A shooting rampage at a home and a school in La Loche, Sask., in 2016 left four people dead and seven injured. (Jason Warick/CBC)

Fontaine's mother told court that she wishes she'd seen the signs and said she and her family are often undeservedly blamed for the shooting.

"I was in shock like everyone else. I never knew this was going to happen."

Internet research

But the hints were there for months, Crown prosecutors say.

Two weeks before the shooting, Fontaine began searching the internet on his iPhone for information about ammunition.

Three days before the shooting, he used his cellphone to take a two-second video of a .22-calibre rifle and shotgun lying on a bed.

A day before the shooting, he finished school, smoked pot and in the early evening looked up "school shootings in Canada."

That night, he took out his iPad and looked up "what does it feel like the kill someone." On Reddit, he searched "what does it feel like to take someone's life."

Then the searches got more specific: "Killing a family member." He looked up "familicide" and "fratricide" on Wikipedia.  

He then went to sleep.

The next morning, Fontaine woke up and attended classes at the high school.

A memorial outside La Loche Community School after the shooting. (Trevor Bothorel/CBC)

At school, he used his cellphone to search the names Eric Harris and Dylan Klebold — the shooters in the 1999 Columbine school massacre that left 15 dead and 24 injured. He talked with his teacher about his poor grades.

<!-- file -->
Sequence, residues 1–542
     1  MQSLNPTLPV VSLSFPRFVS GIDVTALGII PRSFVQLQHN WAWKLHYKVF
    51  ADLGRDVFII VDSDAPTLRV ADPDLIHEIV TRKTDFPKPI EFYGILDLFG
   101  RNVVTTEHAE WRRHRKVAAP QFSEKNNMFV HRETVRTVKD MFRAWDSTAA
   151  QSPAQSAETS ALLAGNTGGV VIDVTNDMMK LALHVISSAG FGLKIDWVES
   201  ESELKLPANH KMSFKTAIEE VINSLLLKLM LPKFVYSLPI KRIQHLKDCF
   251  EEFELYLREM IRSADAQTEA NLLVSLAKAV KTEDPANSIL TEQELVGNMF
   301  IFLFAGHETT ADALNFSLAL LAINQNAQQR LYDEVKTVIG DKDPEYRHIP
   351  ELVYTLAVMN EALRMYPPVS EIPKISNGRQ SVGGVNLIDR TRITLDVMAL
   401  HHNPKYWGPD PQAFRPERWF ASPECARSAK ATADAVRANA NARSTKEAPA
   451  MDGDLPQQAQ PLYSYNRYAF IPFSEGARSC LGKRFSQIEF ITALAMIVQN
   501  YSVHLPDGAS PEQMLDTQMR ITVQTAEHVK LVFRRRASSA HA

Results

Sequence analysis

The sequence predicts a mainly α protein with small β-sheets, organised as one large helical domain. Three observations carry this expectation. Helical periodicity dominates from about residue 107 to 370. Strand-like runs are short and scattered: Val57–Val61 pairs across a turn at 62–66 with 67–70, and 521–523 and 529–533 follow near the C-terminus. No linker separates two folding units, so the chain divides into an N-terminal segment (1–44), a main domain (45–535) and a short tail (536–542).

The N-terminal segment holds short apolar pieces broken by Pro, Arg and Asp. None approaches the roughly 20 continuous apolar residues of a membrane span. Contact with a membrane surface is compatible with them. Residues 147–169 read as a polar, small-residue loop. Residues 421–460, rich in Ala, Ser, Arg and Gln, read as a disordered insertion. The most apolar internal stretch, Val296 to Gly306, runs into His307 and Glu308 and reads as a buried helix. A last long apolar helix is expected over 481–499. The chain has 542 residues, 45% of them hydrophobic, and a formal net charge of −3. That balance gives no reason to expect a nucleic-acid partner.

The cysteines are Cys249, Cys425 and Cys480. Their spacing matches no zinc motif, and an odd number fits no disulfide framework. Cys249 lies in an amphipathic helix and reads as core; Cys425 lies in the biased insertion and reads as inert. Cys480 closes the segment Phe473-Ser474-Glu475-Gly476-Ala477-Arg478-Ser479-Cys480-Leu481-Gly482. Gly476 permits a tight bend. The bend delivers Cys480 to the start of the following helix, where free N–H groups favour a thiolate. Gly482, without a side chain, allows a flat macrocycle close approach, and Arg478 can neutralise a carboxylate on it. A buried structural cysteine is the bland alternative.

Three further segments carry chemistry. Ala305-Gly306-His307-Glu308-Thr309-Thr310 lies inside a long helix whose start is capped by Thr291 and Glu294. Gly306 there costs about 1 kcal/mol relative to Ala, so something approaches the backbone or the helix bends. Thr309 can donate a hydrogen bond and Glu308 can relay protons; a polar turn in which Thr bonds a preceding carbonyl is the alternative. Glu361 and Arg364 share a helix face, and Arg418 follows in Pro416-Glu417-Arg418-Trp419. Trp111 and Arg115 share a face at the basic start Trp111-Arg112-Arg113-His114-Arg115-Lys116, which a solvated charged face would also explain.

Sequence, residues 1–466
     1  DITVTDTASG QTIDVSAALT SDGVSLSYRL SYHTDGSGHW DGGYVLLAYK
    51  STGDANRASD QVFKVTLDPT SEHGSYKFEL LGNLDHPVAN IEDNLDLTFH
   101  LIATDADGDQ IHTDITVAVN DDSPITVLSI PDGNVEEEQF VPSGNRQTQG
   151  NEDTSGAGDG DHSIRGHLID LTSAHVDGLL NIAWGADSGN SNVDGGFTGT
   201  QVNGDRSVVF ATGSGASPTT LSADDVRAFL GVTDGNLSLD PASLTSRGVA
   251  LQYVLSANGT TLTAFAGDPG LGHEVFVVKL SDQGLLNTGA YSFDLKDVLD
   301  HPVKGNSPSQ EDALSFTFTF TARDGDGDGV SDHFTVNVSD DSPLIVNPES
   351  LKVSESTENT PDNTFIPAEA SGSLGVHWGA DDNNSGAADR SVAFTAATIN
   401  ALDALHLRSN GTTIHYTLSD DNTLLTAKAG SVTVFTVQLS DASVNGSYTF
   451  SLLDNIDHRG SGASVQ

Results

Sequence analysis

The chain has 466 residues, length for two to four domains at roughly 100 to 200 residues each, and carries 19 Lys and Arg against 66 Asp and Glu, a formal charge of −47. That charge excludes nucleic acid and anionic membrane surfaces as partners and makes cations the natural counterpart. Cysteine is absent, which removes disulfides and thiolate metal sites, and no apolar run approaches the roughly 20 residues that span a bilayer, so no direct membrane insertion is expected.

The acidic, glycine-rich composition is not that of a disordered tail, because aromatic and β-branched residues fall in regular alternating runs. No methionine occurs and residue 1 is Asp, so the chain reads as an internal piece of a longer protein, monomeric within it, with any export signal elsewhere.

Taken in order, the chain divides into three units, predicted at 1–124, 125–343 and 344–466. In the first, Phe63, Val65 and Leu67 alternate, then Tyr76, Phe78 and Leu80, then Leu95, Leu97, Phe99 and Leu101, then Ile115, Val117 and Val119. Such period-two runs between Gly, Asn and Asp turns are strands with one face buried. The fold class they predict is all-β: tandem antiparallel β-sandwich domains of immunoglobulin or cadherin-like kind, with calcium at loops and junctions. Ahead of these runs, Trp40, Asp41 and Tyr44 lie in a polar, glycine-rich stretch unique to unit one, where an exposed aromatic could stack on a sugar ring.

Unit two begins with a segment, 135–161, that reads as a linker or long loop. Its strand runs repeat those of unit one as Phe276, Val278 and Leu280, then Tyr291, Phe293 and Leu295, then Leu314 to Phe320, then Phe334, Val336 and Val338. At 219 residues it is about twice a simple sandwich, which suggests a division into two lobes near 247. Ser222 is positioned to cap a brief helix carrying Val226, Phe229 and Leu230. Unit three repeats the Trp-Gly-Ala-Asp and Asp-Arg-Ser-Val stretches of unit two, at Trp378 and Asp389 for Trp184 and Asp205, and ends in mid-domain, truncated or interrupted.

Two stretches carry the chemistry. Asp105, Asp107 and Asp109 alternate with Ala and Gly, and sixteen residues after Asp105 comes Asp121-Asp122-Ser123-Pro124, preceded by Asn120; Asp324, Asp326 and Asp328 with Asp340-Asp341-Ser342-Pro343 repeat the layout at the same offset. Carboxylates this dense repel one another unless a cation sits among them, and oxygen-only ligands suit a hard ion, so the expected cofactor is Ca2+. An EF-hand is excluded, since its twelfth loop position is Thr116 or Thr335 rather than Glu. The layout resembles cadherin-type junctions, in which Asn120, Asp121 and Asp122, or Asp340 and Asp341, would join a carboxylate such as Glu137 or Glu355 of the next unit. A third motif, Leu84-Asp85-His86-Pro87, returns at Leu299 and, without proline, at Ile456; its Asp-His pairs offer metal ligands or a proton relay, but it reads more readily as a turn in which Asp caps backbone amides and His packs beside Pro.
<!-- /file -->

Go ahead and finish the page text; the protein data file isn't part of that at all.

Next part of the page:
Home for lunch

He went home, ate lunch quickly, grabbed a box of ammunition from his bedroom and walked across the street to his grandparents' house, where his cousin, Dayne, was alone. The house was like a second home to Fontaine.

He went into Dayne's bedroom and grabbed a .22-calibre rifle. He called Dayne to "come here." 

Dayne came down the stairs and asked the teen: "What are you doing?" When Fontaine raised the rifle, Dayne said: "Don't shoot me."

Fontaine ignored the plea and fired one shot. Dayne screamed and was shot in the back as he tried to flee. Dayne was lying bleeding on the kitchen floor when he begged for his life one last time. Fontaine shot and killed him. In total, he shot Dayne 11 times, court documents show.

After killing Dayne, he went downstairs and found a shotgun, the gun he would later use to kill and wound people at the school.

Fontaine grabbed a set of truck keys and left the house, shotgun in hand. He saw 13-year-old Drayden, Dayne's brother, running toward him as he was getting into the truck.